Did A-MERC change their name?


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Dr. Dickie
January 22, 2007, 09:59 AM
I am working up a couple hundred .45 ACP over the weekend. Everything is going along fine, then I hit a tough to seat primer (crunch). Primer is crunched up, so I toss it out (that happens every now and then--sometimes it is tumble media that dropped into the seating mechanism--Dillion 550). I plod along, then about 50-60 rounds later, it happens again. I am a bit surprised, but toss it out an keep going (I did notice that the head stamp was FC). About 50 rounds later, another one. Yep, FC headstamp. Now I am curious, I start to check, but about 70-80 rounds later, I forget and another crunched primer, another FC:banghead: .
Now I am diligent, and pulled out about 7 or 8 more with that stamp.
All brass is range scrounged, so heads up guys, I found another brass that is as bad as A-MERC:eek: .

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EddieCoyle
January 22, 2007, 10:08 AM
FC is Federal - usually under the American Eagle brand name.

The Bushmaster
January 22, 2007, 10:08 AM
FC = Federal Cartridge Company of Anoka, MN...I believe that to be a military head stamp...May have a crimp or just a tight pocket. Atleast that is what I have noticed when loading FC cases. Just a tight pocket...

Master Blaster
January 22, 2007, 11:06 AM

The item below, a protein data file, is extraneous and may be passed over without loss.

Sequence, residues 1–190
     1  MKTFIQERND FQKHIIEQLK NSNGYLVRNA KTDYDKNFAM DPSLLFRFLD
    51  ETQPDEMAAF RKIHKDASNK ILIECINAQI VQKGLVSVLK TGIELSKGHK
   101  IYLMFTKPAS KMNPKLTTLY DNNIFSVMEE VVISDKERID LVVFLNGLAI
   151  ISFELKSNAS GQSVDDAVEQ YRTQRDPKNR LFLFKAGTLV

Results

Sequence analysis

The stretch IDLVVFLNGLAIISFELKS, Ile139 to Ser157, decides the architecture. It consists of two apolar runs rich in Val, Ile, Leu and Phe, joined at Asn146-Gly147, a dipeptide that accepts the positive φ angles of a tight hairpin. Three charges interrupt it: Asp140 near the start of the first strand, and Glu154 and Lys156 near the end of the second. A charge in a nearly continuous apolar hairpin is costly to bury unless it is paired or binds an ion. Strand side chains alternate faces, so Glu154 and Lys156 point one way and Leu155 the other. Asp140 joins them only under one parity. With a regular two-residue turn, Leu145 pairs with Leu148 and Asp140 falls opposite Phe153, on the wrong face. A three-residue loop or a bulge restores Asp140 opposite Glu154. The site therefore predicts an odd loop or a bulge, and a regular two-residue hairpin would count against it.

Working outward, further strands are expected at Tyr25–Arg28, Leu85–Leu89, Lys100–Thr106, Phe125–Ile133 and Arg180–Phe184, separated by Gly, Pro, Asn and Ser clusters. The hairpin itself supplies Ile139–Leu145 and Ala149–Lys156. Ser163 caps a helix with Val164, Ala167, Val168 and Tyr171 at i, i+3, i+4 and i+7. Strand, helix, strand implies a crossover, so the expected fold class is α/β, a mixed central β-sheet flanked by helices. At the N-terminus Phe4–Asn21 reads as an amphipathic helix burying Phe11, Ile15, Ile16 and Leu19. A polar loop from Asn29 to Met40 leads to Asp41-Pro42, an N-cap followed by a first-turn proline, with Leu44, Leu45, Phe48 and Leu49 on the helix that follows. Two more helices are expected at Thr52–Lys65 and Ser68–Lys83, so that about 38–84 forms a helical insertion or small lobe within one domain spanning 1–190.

I have a had a problem with some federal brass in .45 acp over the last two years. Its not all federal brass, just some. The offending brass seems to have a rainbow hue, a very slight one with a slight reddish brown tinge on the case head rather than the uniform brass color other brass has. The problem is that when I drop a finnished round into the case guage, its out of spec slightly. Other brass remmington, winchester speer, star etc loaded at the same time does not exhibit the problem.

I can't figure out what the deal is after doing measuring, testing, The are fine out of the sizer die but when I seat the bullet the case seems to get a very very faint bulge that prevents it dropping all the way into the case guage. When I bell this brass it seems to stick to the belling die. So I just take those few federal brass cases and throw them out.

Dr. Dickie
January 22, 2007, 12:01 PM
I thought that FC was Federal, but I have, and was, re-loading Federal cases (marked as Federal) with no problem, only the ones marked FC. I have re-loaded just about every brand of military .45 brass and never had any crimped primer pockets.
I guess I could try reaming these out.

benedict1
January 22, 2007, 01:52 PM
Same problem with Federal cases, but they were marked as Federal, not FC. Caused me some real grief with my Load Master because the primer didn't seat all the way and as the shell plate tried to advance everything jammed--fortunately I wasn't pushing the handle very hard and the primer didn't go off.

Once I figured out what happened I tried to prime the case, and a few others in the batch I was reloading, on my Lee Classic Turret press. I couldn't get the primers in with it either.